Eddie McClintock: Which is very exciting for me.
Joanne Kelly: Very exciting for Eddie. But I think that the audience response has been so good and
I think that, you know, they have just continued to push it and everybody is real proud and I think the
show this year, everyone has really done their darnedest to deliver. Because the audience - for the
audience, you know.
Eddie McClintock: I think the writers, you know, because last year when we did the pilot, you know,
the pilot is much thinner on the comedy than subsequent episodes because I think when we did the
pilot at that point we were still going is this a funny show, is it supposed to be funny?
And then when they used that line about I made cookies and then when Pete goes ooh and then that
kind of became the tag for the show, I think it let everybody know including the network and the writers
and everyone that, you know, we were really going to - we were also going to have a good time and
not take ourselves too seriously and I think thatís what...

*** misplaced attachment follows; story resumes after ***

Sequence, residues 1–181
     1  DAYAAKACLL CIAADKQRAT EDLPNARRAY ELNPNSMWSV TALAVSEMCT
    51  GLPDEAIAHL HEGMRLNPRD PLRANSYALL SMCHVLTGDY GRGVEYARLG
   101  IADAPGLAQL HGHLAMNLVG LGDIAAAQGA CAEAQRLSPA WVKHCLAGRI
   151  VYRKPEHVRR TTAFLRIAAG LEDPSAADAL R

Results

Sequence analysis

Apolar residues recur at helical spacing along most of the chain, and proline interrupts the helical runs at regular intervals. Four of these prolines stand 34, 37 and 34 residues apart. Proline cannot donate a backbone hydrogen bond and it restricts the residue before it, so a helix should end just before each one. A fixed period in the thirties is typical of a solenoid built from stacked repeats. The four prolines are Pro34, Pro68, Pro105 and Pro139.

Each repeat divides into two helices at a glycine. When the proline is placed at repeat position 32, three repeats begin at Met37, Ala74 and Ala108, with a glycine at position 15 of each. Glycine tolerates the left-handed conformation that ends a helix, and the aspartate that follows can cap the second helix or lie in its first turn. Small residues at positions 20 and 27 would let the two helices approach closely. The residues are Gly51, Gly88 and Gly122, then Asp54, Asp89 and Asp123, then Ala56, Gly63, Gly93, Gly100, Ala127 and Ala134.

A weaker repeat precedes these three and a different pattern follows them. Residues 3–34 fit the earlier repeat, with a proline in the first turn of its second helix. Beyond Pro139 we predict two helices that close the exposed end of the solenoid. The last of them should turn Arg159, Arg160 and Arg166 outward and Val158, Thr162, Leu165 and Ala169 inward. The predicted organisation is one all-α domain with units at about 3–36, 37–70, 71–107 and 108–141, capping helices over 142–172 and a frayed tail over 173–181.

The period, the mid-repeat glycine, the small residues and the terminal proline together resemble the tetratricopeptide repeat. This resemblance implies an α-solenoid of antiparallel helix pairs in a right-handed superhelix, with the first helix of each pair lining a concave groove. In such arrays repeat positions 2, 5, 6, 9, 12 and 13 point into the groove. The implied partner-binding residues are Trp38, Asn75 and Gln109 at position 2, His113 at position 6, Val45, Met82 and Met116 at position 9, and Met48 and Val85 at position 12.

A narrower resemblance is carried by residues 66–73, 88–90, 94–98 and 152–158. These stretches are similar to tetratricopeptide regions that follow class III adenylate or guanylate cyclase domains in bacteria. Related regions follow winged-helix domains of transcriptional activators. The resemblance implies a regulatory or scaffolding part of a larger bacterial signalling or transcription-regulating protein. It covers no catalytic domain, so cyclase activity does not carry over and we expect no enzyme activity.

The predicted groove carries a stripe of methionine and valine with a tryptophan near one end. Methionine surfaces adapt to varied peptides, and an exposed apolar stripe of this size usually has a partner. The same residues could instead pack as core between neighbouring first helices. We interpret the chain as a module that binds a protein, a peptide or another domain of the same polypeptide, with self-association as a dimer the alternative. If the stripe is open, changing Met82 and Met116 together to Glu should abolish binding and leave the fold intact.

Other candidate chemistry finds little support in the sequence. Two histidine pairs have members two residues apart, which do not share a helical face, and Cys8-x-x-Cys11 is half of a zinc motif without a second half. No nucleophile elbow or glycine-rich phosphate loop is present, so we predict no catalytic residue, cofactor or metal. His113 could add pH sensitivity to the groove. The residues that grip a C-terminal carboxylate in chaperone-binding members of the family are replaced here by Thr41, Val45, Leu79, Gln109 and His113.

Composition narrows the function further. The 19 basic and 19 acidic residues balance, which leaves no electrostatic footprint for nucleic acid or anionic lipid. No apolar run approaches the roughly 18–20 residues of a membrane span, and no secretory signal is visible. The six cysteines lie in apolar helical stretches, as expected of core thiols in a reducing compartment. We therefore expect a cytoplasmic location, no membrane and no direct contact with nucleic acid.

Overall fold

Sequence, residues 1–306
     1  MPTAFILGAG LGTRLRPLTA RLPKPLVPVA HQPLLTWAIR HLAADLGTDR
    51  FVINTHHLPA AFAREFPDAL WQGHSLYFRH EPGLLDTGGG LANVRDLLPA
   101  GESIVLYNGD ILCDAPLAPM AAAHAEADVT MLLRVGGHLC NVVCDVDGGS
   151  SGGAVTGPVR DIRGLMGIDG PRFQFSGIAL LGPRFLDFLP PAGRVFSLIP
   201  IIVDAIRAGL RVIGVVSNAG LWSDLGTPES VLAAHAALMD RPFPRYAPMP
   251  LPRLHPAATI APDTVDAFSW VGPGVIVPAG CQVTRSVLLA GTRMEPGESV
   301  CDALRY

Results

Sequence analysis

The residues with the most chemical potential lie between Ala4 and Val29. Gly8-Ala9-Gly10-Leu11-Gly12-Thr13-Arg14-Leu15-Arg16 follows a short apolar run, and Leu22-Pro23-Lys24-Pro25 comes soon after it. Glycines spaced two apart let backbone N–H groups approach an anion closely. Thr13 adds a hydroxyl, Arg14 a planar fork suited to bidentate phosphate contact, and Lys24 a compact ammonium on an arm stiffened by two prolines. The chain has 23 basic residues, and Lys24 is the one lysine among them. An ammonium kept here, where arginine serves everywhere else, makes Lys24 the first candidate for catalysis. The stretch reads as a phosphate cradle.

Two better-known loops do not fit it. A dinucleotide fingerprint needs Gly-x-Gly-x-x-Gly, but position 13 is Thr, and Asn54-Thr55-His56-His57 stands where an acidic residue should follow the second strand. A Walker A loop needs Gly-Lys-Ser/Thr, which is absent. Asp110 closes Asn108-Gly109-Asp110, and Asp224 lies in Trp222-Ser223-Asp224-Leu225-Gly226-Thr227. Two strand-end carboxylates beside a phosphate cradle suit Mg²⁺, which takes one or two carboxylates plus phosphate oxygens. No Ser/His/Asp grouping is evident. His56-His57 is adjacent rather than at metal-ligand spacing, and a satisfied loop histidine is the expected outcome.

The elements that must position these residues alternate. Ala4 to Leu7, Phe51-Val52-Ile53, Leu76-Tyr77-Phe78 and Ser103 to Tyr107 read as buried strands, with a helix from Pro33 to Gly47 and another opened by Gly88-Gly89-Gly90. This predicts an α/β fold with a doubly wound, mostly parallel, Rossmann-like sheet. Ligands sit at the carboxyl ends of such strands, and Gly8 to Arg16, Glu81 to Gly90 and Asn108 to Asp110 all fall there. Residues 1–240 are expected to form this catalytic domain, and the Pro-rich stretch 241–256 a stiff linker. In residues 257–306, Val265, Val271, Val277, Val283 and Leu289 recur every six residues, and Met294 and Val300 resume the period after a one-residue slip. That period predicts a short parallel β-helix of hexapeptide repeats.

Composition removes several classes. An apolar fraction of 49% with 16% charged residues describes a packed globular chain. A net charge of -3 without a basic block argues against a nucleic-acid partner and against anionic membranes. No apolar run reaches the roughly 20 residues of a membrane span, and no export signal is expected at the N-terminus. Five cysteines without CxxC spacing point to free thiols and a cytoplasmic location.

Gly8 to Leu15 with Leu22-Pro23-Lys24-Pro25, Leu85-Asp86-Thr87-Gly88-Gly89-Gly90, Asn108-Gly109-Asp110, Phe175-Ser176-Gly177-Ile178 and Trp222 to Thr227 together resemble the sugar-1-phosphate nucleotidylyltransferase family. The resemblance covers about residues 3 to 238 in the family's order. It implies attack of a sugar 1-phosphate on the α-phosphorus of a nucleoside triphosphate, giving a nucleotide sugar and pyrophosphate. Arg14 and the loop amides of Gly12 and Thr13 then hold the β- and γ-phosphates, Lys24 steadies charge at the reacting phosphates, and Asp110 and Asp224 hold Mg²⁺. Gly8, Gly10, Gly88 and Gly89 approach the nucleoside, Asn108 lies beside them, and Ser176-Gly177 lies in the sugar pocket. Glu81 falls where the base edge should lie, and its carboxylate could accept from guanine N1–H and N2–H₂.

Joanne Kelly: You think that came from the cookie line?
Eddie McClintock: I mean, thatís just, I mean, for me itís just...
Joanne Kelly: Iím just kidding.
Eddie McClintock: It became kind of a metaphor for the evolution of the show.
Joanne Kelly: I think that is a good metaphor for the evolution of the show.
Eddie McClintock: Yeah. And so, you know, I think that the writers really have found an amazing line
to walk in regards to being able to have a very well written, well done, dramatic moment and then in
the same scene there is a big comedy beat. And then in the next beat weíre on a chase.
Eddie McClintock: I think it keeps the viewer off balance, it kind of keeps me as an actor off balance,
and I think it helps keep the show fresh.
Q. Ideally youíd love to work on a show for 15, 20 years. But do you see kind of like a point
where youíd like to see Warehouse 13 get to at least what season before the show starts to
go stale? Or it may not go stale, I mean, look at ER and stuff like that.
Eddie McClintock: You know, I mean, if you see the shots of the warehouse, the warehouse is massive.
I mean, it goes on for...
Eddie McClintock: For miles.
Joanne Kelly: Itís infinite.